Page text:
[-empyre-] Re:hello to empyre
Sorry if my response was slow -the digest took some time to arrive!
I suppose one of the things that interested me was the divide between
writers in the digital media and writers who are known through print -I
know there are some cross overs (and some of them are on this list) but not
very many. A lot of the writers who are big in digital media wouldn't be
known to people who read experimental print poetry and (dare I say it!) I
don't feel that digital writing is always attracting the best writers,
though it is changing definitions of what a writer can be which is great.
One thing I love about Brian Kim Stefans 'The dreamlife of letters' is the
command and engagement with language he shows, and the fact that you feel
that this guy is conversant with modernist/postmodernist poetics as welll
as being a good techo.
I don't really know how pront-based experimental poets these days can claim
to be experimental (that is interested in trying new forms and approaches)
if they don't engage with digital forms to a limited degree. I don't see
how they ignore this kind of revolution. I suppose the technical expertise
needed is a barrier, but maybe they can get over that through collaboration.
To go back to a previous postings on whether its useful to talk about
electronic poetry I agree that a wider category like cyberwriting or
hypermedia seems more pertinent. But I suppose using the word poetry is a
way of addressing the issue of how poetry is changing and not letting print
writers off the hook. It's a kind of political gesture which in some ways
is quite useful.
>> * the relationship of electronic poetry, visual art or sound to other
>> experimental poetry movements. The majority of experimental work in poetry
>> is still page-orientated, and some experimental poets are either
>> indifferent or hostile to electronic work. Why do you think this is the
>> case, what do you think the consequences of it are, and how do you think it
>> can be overcome? I believe that the situation may be less extreme in the
>> sonic and visual arts.
>when we think of 'visual art', there's quite a broad range of things that
>come to mind. when we
>think of 'poetry', the range tends to be narrower. words on a page. o yes
>there's sound poetry
>and performance, 'spoken word', concrete, 'electronic poetry', holographic
>po, oulipo, and so
>on, but words on a page takes up the 'p', the 'o', the 'e', the 't', and
>the 'r'. the rest is
>crammed into the 'y', as it were, and is of relatively little account to
>most. why is this and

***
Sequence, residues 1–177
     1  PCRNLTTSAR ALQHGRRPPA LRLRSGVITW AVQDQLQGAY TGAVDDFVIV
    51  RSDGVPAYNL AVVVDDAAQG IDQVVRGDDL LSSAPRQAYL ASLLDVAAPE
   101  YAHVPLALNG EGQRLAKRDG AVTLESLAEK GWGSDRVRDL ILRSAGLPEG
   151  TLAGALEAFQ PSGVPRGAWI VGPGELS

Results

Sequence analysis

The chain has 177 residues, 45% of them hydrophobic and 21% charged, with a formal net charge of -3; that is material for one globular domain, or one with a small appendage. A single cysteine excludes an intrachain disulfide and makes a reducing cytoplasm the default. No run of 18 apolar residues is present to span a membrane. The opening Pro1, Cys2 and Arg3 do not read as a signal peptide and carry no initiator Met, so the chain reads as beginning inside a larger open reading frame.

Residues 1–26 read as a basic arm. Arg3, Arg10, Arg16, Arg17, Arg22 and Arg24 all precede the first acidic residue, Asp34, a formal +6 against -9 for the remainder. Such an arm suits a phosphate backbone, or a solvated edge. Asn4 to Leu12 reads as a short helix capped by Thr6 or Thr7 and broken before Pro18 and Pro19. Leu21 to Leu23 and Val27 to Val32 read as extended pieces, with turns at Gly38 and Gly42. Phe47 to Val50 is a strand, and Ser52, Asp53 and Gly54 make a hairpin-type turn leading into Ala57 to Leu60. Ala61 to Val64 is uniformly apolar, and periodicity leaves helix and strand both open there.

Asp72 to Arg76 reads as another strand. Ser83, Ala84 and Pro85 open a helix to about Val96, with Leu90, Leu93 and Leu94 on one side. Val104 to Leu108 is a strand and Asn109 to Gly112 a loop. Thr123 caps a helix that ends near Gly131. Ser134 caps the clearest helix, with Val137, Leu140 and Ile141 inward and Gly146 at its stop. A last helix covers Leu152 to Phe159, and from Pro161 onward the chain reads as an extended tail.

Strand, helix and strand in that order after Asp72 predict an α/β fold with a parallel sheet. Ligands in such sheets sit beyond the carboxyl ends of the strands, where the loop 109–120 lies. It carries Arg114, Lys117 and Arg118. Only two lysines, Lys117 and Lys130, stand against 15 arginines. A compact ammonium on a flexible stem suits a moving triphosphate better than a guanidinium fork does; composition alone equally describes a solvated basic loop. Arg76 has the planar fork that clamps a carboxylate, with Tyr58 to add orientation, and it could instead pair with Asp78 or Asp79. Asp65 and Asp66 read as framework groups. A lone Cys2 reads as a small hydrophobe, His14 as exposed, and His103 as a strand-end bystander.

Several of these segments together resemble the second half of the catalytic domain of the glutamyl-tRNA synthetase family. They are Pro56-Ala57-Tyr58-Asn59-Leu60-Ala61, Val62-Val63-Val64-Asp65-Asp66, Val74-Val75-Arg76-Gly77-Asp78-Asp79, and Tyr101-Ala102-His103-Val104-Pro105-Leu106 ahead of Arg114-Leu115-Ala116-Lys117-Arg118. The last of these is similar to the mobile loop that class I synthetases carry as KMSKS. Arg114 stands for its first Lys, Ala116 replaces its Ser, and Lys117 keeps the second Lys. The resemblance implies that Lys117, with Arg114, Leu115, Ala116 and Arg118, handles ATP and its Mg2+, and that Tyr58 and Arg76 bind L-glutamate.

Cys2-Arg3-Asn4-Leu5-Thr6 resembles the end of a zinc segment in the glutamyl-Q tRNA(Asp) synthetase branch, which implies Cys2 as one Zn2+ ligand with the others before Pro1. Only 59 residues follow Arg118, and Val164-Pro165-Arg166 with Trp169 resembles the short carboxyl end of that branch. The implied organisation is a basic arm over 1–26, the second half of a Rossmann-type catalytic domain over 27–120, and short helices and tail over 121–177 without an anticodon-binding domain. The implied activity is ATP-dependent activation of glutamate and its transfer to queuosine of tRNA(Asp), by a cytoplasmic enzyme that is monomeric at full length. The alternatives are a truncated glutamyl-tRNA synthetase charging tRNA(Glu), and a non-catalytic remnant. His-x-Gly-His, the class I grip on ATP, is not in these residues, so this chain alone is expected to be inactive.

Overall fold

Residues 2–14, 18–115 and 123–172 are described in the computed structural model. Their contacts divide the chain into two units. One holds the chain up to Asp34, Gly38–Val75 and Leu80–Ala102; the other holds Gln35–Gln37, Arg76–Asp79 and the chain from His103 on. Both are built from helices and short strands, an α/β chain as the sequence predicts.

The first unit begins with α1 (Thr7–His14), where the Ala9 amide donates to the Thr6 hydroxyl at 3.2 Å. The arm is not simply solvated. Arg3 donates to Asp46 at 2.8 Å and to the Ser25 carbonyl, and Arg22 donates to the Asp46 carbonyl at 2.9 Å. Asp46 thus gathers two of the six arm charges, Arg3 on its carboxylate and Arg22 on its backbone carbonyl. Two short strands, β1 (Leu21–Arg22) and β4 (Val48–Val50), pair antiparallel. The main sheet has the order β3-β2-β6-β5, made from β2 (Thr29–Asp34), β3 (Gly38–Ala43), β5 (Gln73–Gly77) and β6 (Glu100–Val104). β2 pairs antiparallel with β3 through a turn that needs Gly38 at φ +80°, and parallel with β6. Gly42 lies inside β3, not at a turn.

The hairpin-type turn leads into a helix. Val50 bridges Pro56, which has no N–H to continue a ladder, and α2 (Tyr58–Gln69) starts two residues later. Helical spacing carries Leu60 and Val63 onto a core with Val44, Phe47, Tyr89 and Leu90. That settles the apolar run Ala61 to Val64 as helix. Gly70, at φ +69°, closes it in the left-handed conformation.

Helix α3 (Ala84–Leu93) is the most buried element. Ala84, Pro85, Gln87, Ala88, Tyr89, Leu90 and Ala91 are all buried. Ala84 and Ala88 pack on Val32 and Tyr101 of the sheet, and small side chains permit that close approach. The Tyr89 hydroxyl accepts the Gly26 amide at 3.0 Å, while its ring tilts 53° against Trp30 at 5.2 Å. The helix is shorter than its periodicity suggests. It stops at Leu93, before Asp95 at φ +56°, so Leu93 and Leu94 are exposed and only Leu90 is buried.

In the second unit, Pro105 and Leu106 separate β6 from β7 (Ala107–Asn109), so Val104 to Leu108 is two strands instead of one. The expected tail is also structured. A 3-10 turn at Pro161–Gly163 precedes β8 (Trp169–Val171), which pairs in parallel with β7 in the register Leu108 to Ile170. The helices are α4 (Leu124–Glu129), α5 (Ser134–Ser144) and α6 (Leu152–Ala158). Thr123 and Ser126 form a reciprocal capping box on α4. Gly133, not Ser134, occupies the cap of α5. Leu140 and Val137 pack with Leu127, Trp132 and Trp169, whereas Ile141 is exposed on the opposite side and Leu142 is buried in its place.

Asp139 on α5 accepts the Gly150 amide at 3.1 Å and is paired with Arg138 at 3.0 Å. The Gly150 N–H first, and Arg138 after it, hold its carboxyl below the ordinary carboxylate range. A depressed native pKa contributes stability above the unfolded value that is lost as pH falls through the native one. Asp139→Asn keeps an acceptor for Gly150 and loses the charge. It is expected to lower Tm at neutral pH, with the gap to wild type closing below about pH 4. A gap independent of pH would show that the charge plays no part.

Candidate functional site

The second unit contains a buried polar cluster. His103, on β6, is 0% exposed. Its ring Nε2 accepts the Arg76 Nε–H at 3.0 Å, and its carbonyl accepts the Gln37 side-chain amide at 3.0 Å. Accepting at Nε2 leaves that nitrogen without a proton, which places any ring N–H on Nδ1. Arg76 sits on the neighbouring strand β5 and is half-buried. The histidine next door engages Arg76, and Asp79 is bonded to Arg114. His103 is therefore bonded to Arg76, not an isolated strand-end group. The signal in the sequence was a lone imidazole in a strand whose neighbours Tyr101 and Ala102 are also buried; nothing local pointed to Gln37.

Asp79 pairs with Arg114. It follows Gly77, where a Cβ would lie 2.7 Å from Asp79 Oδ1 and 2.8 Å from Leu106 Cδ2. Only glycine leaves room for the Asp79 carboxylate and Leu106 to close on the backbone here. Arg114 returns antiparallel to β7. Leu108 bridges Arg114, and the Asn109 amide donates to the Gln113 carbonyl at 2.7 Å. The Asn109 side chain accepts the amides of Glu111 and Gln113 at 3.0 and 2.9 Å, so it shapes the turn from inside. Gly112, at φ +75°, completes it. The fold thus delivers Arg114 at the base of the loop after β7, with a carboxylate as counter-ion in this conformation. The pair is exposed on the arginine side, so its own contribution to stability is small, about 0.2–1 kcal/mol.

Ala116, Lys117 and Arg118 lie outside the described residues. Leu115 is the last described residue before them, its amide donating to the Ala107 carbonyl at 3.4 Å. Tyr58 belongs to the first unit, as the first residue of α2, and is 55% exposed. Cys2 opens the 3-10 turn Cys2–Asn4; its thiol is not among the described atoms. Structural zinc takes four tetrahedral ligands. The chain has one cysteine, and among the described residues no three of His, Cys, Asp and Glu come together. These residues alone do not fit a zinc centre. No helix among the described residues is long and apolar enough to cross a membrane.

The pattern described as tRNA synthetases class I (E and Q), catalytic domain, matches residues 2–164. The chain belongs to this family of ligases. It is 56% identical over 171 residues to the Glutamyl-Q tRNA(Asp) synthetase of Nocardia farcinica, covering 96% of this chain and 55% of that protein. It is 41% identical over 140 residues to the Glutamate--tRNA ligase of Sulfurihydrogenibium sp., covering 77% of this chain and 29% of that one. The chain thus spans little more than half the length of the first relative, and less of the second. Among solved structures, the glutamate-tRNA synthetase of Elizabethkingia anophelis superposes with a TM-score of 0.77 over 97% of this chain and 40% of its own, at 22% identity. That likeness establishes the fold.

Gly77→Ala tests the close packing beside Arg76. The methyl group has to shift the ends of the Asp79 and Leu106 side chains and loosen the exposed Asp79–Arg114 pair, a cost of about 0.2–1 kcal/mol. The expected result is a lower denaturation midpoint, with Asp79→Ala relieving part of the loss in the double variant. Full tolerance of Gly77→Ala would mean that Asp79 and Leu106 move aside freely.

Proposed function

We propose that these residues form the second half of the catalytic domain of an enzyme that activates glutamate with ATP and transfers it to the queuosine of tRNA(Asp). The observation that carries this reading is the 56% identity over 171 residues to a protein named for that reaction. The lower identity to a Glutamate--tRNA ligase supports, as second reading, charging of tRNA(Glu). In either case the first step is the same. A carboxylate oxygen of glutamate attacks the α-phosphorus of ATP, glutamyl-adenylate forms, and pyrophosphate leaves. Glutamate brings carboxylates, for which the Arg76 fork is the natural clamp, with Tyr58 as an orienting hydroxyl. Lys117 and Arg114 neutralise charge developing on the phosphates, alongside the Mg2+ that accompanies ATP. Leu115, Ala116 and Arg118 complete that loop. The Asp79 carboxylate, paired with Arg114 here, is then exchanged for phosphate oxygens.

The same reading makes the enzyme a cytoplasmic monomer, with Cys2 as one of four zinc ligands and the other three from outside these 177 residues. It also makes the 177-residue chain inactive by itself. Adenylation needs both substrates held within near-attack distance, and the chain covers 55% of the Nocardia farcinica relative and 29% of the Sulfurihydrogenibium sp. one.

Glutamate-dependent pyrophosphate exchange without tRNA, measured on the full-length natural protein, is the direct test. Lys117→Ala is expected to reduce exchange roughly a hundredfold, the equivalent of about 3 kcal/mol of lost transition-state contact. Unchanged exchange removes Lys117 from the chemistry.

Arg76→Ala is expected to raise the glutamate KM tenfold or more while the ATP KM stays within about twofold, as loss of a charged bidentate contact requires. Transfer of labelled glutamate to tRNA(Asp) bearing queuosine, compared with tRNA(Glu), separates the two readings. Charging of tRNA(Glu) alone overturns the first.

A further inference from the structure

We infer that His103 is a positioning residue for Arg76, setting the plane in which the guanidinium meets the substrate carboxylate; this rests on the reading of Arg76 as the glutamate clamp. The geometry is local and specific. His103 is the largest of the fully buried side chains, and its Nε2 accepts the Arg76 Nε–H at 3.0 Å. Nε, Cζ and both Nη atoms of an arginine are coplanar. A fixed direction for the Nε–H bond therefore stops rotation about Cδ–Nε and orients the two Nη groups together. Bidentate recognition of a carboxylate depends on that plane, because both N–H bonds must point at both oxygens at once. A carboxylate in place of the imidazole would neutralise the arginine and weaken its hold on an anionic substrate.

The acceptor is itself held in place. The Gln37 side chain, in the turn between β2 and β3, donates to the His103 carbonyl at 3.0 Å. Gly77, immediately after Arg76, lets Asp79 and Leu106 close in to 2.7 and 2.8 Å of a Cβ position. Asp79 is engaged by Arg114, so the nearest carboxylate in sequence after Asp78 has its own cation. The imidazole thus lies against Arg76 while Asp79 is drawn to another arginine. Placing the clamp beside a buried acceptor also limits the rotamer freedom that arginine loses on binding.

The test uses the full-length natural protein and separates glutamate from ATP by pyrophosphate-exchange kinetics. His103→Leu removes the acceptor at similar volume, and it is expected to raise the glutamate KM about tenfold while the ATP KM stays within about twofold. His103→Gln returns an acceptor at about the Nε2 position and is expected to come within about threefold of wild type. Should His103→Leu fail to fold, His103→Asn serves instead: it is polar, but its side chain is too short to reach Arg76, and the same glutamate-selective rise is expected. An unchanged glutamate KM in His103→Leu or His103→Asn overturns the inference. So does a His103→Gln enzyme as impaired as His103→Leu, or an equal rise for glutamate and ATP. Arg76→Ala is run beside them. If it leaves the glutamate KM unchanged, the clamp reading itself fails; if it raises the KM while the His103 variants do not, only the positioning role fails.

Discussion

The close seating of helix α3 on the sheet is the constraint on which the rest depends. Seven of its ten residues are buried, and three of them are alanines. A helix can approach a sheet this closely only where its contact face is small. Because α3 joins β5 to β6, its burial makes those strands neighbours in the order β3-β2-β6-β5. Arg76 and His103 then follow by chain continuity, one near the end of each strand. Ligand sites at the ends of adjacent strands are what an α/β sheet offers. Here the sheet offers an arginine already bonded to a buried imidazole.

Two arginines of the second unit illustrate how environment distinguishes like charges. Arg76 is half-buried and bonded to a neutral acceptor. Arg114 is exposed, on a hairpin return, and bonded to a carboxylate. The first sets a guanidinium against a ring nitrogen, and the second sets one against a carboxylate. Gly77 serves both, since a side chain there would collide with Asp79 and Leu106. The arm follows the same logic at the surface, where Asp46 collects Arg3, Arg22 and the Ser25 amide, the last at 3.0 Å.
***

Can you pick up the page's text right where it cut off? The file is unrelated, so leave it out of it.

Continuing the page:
>will it change?
>the change won't have so much to do with the work itself as the
>predominance in society of the
>technology associated with the art. we have seen the use of computers
>over the last thirty years.
>how do people come to be interested in digital art? or print poetry? they
>become involved first
>in the medium, as part of themselves, toward various ends. people learn to
>read and write early
>in their lives and what can be done and said in and with writing comes to
>be of great concern to
>them, if they are thoughtful, over time. similarly, if they find
>themselves using computers, for
>various ends, as deeply as reading and writing are part of their lives,
>then they come to be
>interested in what can be 'said' via these new media. because they are
>constantly faced with
>questions of how to express or do what they want to express or do. if they
>are not faced with
>these questions themselves on a creative level, they probably won't have
>much interest in what
>can be 'said' and done with computers. in other words, if they want or
>need to become literate
>in these media, it's then that digital art becomes relevant to them.
>so history will be the arbiter in this matter, largely, as the use of
>computers continues to
>proliferate. of course print will not 'go away' for at least some time, if
>ever. i hope not,
>anyway. i love great books and the forms therein. i do want room for
>something else, however.
Dr. Hazel Smith
Senior Research Fellow
School of Creative Communication
University of Canberra Centre for Writing
Editor of Inflect http://www.ce.canberra.edu.au/inflect
University of Canberra
phone 6201 5940
More about my creative work at
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